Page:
There is an undeniable appeal to holding your first book in your hands. Seeing the artwork on the cover, thumbing through the pages, and feeling the weight of your book in your hands is fantastic. Digital publishing, while newer, can also provide an amazing feeling of accomplishment, particularly when you check out online retailers and discover how many copies have been downloaded. Which form or publishing is suitable for your book, and what are the advantages or disadvantages of each? Let’s explore digital publishing vs. print publishing to see.

Print Book Publishing

For many writers, successful book publishing means seeing their book on the shelves of traditional bookstores. There’s an undeniable appeal to walking into a bookstore and seeing your name on the cover of books or watching other people carrying your book tucked under their arm. It feels real. Many readers prefer holding an actual book in their hands, particularly readers over a certain age. 

However,  print book publishing generally has a relatively short run, with lots of books printed over several months, then nothing after that unless there is high demand. That means your book isn’t going to be featured prominently at booksellers for long unless it stays on top of a bestseller list. Sales are often high right after the print run, and then they will dip and plateau.

Print books are more challenging to access by anyone searching for you online. Literary agents, new readers, and the press may find your author page, but if you haven’t published your book digitally, they will have to order it and wait or find it in a brick-and-mortar store. Some readers will move on rather than wait – society is increasingly impatient about waiting for a good thing. Going exclusively the print publishing route may seem out of touch, especially to younger readers. 

Digital Book Publishing

Digital book publishing is the trend for the future. It’s easy to download a book immediately, which feeds into many people’s desire for instant gratification. Readers also appreciate the ease of downloading multiple titles and having them available any time they have their tablet with them. It’s easy to shop for online titles and get them immediately no matter where you live, with no need to order and wait for delivery or drive to a store.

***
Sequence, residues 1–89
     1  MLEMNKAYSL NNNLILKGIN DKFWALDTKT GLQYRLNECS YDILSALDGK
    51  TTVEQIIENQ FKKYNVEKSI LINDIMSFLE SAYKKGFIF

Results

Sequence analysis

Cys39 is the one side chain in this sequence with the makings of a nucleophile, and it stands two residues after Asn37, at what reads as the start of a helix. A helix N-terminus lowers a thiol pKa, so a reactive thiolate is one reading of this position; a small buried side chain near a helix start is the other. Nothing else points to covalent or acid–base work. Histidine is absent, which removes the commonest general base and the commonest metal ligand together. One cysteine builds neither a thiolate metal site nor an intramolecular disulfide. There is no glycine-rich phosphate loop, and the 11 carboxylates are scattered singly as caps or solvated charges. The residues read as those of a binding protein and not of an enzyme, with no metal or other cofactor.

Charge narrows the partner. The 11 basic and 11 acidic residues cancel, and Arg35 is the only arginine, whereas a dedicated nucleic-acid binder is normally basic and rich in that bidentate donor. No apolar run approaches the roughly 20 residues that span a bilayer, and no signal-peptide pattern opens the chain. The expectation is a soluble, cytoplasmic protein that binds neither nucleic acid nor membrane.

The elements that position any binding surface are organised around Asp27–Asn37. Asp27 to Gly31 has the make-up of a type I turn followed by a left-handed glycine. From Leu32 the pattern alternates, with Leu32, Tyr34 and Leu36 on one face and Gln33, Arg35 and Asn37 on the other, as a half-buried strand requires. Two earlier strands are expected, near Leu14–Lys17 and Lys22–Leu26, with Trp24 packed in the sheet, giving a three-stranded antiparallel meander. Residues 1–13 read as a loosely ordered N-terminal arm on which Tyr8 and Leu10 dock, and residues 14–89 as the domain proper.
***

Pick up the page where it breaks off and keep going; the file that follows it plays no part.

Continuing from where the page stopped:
Digital books won’t make it into some libraries, however, where some readers still check out hardback or paperback books. These people appreciate the feel, scent, and concreteness of having a book in their hands rather than an electronic device. Many people also don’t think of electronic or digital publishing as “real publishing.” While this isn’t accurate, it’s a bias that those outside the publishing industry often hold.

Finding the Right Mix

The solution for most writers is to publish both print and digital versions of their book. You can give your grandmother a printed edition of your book, letting her admire the cover art, but you won’t be neglecting digital readers who want to get their hands on your book with a simple click. Most hybrid publishers now handle both print and digital publishing, offering you the benefits of both. Combining print publishing and digital publishing will also increase your profits and establish you as an experienced writer in more circles.

Dudley Court Press

Dudley Court Press works with writers like you every day. As a full-service, hybrid publishing house, we help thoughtful people write their books and become successful published authors. Contact us to discuss our assisted self-publishing option today.

For more information, including about DCP’s latest programs, please get in touch at +1-520-329-2729 or publisher@DudleyCourtPress.com. We’ve recently launched our latest program, Memoir Writing for Non-Writers. This comprehensive, 10-week course helps you turn your memories into a compelling memoir!